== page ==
Sturgeon puts foot down hard on Scot-Govt accelerator in renewables race towards battery-powered vehicle (BPV) transport system

Scottish First Minister Nicola Sturgeon has put her foot down hard on the accelerator in the race to beat Britain/Rest of UK to go all out for a BPV (battery-powered vehicle) transport system.

Earlier this summer, the Brit-Govt – itself playing ‘political catch-up’ with France – announced that it would ban the sale of internal combustion engine vehicles (ICEVs) by 2040.

Yesterday, Sturgeon told Holyrood MPs that ‘action would be taken to phase out the need for petrol and diesel vehicles by 2032 and fast-track the development of a Scotland wide charging network.’

Observers pointed out, however, that both the Scot-Govt. and Brit-Govt ambitions for BPVs are  exactly that – ‘ambitions to do something in future’ which do not, and cannot, bind successive governments to take, or to not take, action in the future.

But both the Holyrood and Westminster govt. statements do signal a ‘direction of green travel’ to both consumers/ motorists and to automotive manufacturers.

Without providing any further details, Sturgeon also said there would be ‘support for key business sectors including low carbon’.

The minority-SNP Scot-govt is also pedalling fast in its own race of ‘political catch-up’ on BPVs as the draft Scottish Energy Strategy announced last year by her Scottish Energy Minister – criticised as being too vague – was also entirely mute on how it would tackle emissions of greenhouse gases from the transport sector – which are twice as big as those from both electricity-generation or heating.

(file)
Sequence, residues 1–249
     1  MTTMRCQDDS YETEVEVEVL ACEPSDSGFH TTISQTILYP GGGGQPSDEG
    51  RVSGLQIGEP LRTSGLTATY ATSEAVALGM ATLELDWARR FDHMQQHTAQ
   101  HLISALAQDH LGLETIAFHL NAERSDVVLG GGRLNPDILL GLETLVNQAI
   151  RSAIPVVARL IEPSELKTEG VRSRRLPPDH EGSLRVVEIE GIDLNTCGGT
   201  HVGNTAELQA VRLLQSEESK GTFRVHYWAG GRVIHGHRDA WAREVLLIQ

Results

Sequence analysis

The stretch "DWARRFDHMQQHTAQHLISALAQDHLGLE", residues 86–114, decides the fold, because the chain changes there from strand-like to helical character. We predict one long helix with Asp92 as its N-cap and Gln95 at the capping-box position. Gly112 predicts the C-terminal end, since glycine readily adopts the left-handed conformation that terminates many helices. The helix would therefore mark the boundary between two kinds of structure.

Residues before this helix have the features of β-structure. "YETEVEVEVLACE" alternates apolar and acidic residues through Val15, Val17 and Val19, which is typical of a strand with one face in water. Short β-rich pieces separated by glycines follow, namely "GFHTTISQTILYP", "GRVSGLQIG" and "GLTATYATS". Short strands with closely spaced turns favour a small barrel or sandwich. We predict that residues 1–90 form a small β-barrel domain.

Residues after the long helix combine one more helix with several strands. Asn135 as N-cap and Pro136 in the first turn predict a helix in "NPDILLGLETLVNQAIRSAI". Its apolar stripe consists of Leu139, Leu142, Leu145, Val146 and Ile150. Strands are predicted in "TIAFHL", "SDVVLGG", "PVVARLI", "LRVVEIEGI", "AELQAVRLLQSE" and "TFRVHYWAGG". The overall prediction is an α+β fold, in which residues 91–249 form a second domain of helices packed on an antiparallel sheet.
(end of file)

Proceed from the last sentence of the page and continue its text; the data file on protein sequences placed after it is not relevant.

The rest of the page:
Either way, both Scotland and UK are both lagging way behind in the green-BPV race (see graphic, above on Leading Market Shares)

  • Norway already has a 29% share of electric cars sales;
  • Netherlands  6.4%; 
  • Sweden  3.4%; 
  • China, France, UK 1.5% (each);
  • US 1.4%.

There are two other energy-related Bills in the SNP programme;

Planning Bill

Responding to the independent review of the planning system, the Bill will ensure a greater focus on delivering the development Scotland needs with the infrastructure to support it. There will be a simpler, more effective system of development plans, to set a clear view of how areas will develop in future. Procedures for preparing plans will be improved and communities will have better opportunities to influence the future of their areas.

Climate Change Bill

The Climate Change Bill will respond to the historic Paris Agreement by setting more ambitious targets to reduce greenhouse gas emissions. The Bill will increase transparency, demonstrate our commitment to sustainable economic growth and signal to the international community that Scotland is the place to do low carbon business.

Sturgeon also outlined a heavy schedule of 16 new Scot-govt Bills in the SNP’s programme for government. Dominated by health, education and social security pledges, these Bills were all similarly light on detail. Holyrood will debate – but not vote on – the SNP programme for the rest of the week.

6 Sept 2017

 

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